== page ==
The Childhood of Jesus

by Grace Andreacchi

deadbird

He was born into quietness. At first it seemed nothing could go wrong, he had all his fingers and toes, and a golden halo hovered round his infant head; the shepherds and angels in attendance expressed themselves well content with the wonder. At first he was beautiful, his softly rounded limbs swaddled in white rags met our expectations perfectly, his hair was abundant for an infant’s, curly and fair, he sometimes even sat up in his Mother’s lap to receive visitors. This was in the early days. When did it begin to go wrong? Perhaps it was sometime during that long journey into Egypt. When the Holy Family paused for rest under the shade of a delicately proportioned palm tree, Mary unwrapped the child and put him to the breast – did she notice then that something was amiss? His eyes that had been so bright now appeared curiously sunken, and the halo of pale gold round his small head was diminished. She drew Joseph’s attention to it. A practical man always, he thought it might be the effect of the desert light. Things don’t shine in the desert as they do in a dark stable, after all, do they? But he looks unhappy, she thought, but did not say. She kept these things in her heart, and was troubled.

As the days went by and the weeks and the years he grew but it was not as you may have heard, in wisdom and stature. By the time he had marked his fifth birthday his face was as puckered with sadness as that of a very old man, his eyes, dark and lustrous, were deeply bedded in shadows, his teeth were rotten and had begun to come out, giving his small mouth a lopsided appearance. His hair too was sparse and white as that of an old man. He rarely spoke, and when he did it was in riddles that no one, not even his Mother, could fathom. His appetite was tiny, and he ate only indigestible foods such as grasshoppers, which he chewed raw, and the leaves of wild hyssop. At night he refused to come into the house but slept under the stars, even on the chilly nights of winter. Though his Mother urged him to come in, still he would not; though she questioned him he gave no reason, only looked at her with those sunken eyes.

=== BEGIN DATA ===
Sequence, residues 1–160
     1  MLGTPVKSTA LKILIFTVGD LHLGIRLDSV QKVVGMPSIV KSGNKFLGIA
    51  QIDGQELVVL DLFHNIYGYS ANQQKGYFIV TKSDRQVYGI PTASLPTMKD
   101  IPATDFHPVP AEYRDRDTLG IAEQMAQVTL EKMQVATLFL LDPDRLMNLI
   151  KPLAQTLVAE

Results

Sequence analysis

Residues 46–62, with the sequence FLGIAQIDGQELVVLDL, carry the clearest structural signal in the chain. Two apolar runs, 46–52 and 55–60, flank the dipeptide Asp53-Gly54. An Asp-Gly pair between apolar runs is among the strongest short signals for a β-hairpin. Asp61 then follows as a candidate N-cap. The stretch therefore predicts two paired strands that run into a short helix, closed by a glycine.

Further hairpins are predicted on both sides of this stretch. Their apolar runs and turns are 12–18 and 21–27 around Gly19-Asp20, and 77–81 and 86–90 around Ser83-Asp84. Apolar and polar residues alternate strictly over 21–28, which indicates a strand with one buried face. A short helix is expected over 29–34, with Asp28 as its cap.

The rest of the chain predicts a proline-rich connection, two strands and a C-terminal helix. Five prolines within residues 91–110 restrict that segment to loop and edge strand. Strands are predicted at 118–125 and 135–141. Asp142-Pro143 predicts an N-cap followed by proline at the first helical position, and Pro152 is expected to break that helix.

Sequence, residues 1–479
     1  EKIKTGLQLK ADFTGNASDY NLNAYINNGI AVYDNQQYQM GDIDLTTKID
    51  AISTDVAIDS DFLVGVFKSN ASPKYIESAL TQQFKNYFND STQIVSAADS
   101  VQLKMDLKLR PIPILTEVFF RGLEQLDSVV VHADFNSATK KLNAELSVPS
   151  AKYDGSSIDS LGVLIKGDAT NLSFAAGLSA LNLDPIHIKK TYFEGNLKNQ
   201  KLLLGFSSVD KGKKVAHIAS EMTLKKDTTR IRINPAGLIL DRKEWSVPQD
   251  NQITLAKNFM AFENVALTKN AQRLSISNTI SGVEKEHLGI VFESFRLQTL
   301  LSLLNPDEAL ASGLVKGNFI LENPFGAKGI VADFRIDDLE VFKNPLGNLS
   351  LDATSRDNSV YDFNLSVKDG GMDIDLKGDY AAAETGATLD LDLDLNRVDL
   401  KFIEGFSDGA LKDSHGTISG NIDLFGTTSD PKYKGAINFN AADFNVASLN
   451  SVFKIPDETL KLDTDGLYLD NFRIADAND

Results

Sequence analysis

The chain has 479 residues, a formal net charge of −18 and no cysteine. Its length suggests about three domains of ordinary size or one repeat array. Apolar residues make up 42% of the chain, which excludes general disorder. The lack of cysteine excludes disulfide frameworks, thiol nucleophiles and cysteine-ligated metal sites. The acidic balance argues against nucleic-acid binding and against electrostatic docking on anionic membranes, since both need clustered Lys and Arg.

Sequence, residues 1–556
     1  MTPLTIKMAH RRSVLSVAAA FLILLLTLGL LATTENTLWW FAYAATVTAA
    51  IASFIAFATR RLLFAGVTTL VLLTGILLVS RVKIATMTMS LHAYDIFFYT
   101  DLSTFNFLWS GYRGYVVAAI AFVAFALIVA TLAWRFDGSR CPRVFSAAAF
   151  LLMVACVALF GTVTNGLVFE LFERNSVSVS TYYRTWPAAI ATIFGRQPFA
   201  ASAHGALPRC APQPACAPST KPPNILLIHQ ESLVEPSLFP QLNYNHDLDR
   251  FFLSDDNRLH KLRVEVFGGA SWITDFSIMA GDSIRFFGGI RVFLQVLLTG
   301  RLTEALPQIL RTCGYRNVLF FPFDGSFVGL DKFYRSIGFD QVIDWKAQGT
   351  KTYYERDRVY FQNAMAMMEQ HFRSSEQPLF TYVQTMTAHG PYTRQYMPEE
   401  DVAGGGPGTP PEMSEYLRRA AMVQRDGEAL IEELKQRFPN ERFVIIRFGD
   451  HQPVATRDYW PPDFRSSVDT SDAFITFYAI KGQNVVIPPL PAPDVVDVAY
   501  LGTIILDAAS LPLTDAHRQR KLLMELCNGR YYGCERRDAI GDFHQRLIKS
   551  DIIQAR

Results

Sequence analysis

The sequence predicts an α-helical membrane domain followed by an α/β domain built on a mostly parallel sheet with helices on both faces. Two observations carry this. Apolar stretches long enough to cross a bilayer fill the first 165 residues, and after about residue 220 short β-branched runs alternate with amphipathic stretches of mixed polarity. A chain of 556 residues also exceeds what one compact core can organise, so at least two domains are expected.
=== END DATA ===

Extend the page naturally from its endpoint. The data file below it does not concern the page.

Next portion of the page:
One day when he was playing with a small bird he held it too close and it died. He lay down with the small dead thing clutched in his right fist and would not be comforted. In the middle of the night, while he slept a tearful sleep, he dreamed of a way to make the creature whole again. He awoke just as the sun was coming up. The still bundle of feathers and bone had slipped from his sleeping hand and lay now on the hard earth, bathed in the pink light of dawn. He stroked it gently with one finger, then he breathed upon it ever so softly, but nothing happened. It was dead. He sat back on his heels and stared at it, willing it into life. Had one of the blue wings just stirred? He closed his eyes and willed it. When he opened them again it was sitting up, pecking at the dirt. He gave a cry and it flew off into the blushing sky.

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Grace Andreacchi was born and raised in upper Manhattan but has lived on the far side of the great ocean for many years, sometimes in Paris, sometimes in Berlin, nowadays in London. Her favorite things are words, opera and marrons glacés, not necessarily in that order.
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